Video of Sen. Tom Udall’s address to ESA

Well, it’s just been a week full of videos, hasn’t it. For those interested in Sen. Tom Udall’s address to ESA at the recent annual meeting, below is a video of his Regional Policy Award acceptance speech. You can also read the full transcript of the address...

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The EEB and Flow blog

If you haven’t yet taken the time to check out The EEB and Flow blog, make today the day. Marc Cadotte, who has quite recently moved from a postdoc in sunny California to a professorship in chilly Toronto (a metaphor here, maybe?), and his colleagues maintain an excellent blog on all things ecology and evolutionary biology. Their blog posts center around recent research in ecology and evolutionary biology and the lives of the people who do it, including personal stories and musings about the state of the field as a career choice. I bring up the EEB and Flow now because Marc blogged from the ESA meeting last week, posting about talks he saw on invasive species, the reality (or not) of macroecology as its own discipline, and species interactions/community assembly.  Check out Marc’s assessments of the meeting, post your feedback, and bookmark The EEB and...

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Farewell, ESA Meeting 2009

As ESA’s Annual Meeting drew to a close today and the city of Albuquerque breathed a sigh of relief — now there might be places for locals to sit in a restaurant! — the echoes of the meeting were just beginning.  Scientific meetings are a place to bring together scientists from myriad subfields: in the case of ecology, from biogeochemistry to microbial ecology to agroforestry to physiological ecology…and the list goes on. When they all get together, magic often happens. This meeting was no exception, with large-scale issues such as invasive species, climate change and even — here’s a new one — warfare ecology on the bill. Ecologists aren’t the only ones who think their work is important, either.  Reports have emerged from Nature magazine, the Albuquerque Journal, Scientific American and others.  (The Nature folks also blogged like crazy about the meeting.)  Watch for other stories that will come out within the next week in places like Land Letter and National Geographic News. Either way you slice it, communication is key.  Ecologists communicating with each other = good. Ecologists communicating with the public = also good.  Ecologists doing both = slowly and steadily changing the world. From the lobby of the Doubletree Hotel, goodbye, ESA meeting...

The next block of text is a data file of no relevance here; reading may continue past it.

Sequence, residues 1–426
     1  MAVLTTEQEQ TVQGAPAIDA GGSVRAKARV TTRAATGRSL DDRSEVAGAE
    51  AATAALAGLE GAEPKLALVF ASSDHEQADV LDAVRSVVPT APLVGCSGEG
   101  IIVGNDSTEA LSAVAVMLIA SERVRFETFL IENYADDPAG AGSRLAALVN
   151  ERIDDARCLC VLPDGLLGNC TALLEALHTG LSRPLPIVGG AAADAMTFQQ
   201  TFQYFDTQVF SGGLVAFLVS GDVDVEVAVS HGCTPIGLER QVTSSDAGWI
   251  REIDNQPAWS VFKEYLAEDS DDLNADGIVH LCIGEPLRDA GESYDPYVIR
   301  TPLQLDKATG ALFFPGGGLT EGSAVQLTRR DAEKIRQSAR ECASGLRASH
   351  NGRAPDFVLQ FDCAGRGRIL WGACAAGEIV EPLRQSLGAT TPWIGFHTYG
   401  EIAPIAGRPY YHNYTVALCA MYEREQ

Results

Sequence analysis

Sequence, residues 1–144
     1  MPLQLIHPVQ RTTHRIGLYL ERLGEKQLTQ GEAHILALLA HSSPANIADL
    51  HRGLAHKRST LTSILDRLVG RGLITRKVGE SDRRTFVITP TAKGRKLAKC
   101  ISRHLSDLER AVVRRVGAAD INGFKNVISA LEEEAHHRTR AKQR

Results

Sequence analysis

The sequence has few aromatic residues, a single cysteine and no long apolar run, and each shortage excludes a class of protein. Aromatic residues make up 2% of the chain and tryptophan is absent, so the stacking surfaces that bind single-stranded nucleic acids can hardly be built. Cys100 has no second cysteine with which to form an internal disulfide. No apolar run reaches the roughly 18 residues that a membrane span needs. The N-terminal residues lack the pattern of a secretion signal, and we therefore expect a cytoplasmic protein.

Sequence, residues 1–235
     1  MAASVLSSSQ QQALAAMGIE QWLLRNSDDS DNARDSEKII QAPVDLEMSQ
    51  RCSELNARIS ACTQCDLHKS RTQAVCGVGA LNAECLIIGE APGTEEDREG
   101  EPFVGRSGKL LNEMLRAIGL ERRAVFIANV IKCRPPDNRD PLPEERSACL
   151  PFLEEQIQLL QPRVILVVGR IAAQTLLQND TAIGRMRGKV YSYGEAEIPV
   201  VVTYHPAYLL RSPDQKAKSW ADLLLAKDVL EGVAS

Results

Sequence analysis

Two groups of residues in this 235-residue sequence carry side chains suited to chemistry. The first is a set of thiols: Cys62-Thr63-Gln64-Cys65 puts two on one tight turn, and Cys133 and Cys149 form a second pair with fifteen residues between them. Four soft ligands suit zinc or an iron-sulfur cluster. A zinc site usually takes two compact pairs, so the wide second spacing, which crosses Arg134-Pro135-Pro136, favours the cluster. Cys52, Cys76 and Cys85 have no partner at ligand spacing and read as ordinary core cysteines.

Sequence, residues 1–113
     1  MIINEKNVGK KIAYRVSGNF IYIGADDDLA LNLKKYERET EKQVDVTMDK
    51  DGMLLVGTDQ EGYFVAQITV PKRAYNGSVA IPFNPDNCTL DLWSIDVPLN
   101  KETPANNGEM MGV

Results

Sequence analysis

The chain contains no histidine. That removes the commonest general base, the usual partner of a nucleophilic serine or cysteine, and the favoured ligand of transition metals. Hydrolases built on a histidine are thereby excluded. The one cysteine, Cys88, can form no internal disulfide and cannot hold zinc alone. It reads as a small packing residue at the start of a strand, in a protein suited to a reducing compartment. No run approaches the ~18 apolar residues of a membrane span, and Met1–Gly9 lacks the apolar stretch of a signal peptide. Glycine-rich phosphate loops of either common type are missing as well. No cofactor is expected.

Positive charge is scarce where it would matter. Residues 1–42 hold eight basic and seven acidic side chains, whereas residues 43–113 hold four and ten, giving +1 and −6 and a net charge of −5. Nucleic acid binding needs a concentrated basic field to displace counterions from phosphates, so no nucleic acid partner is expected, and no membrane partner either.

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Green up that roof

A greenroof atop Chicago’s city hall. Having a garden on your roof isn’t just nice for a garden party; it can make your city more environmentally friendly. Planting a rooftop garden can offset heat, increase city biodiversity and decrease stormwater runoff, which is why many cities around the world are creating laws to encourage the use of greenroofs. In Berlin, Germany, for example, any new building that can have a greenroof must have one, or the building doesn’t get approved. Water runoff can be problematic in cities where rainwater is funneled by streets and parking lots directly into streams, carrying with it chemicals and debris and increasing the risk of flash floods. But the plants on greenroofs can absorb some of this water – “like a sponge being saturated,” says Olyssa Starry, a graduate student at the University of Maryland at Baltimore County. Starry’s poster today at the ESA Annual Meeting, in a poster session on urban ecosystems, compared  a greenroof atop a Baltimore building in comparison to a similar building without a greenroof. These comparisons helped Starry determine how well the roof would absorb water from frequent storms.  By measuring water flowing out of building downspouts, she found that the greenroof retained from 30 to 75 percent of water from storms, compared to a negligible amount retained by the building with no greenroof. Although her results are preliminary, Starry thinks that cities can reap benefits from making greenroofs a part of their building requirements, as cities like Toronto and Berlin have recently done. Using GIS satellite imagery, she estimated the number and area of buildings that could hold greenroofs within one watershed in the Baltimore area. If all these roofs were greened, she says, the city could save the watershed 8 million gallons of water per year, or about 10 percent of its yearly water loss. “We need to understand what implementing these greenroofs at the whole watershed scale can do,” she says. “Getting people to learn about this technology and providing incentives is the first step.” For more about greenroofs and what kinds of plants work best on them, check out this Nature blog post on another ESA greenroofs...